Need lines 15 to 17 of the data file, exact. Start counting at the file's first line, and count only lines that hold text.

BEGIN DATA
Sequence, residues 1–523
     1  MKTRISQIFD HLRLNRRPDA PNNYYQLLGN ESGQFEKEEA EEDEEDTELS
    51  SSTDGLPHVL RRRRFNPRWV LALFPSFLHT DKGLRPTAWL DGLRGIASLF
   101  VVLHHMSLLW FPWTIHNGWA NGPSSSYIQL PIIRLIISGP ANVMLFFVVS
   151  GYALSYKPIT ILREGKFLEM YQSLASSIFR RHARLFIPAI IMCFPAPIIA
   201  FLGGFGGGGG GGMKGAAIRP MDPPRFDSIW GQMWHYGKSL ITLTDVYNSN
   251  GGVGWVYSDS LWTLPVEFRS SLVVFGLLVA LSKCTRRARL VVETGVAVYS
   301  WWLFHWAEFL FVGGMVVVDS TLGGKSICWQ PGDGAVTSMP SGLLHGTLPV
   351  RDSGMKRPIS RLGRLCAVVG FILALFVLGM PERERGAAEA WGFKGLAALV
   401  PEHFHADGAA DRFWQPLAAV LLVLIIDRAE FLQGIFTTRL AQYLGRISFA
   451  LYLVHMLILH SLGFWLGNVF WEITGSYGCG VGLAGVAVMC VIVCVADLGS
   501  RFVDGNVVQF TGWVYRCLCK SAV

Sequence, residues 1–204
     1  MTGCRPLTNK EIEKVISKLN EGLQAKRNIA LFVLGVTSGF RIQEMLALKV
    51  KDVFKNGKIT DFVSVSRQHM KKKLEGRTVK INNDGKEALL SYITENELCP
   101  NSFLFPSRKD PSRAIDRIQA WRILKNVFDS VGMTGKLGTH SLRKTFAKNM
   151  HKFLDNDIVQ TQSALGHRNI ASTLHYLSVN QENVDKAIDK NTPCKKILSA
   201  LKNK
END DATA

    51  KDVFKNGKIT DFVSVSRQHM KKKLEGRTVK INNDGKEALL SYITENELCP
   101  NSFLFPSRKD PSRAIDRIQA WRILKNVFDS VGMTGKLGTH SLRKTFAKNM
   151  HKFLDNDIVQ TQSALGHRNI ASTLHYLSVN QENVDKAIDK NTPCKKILSA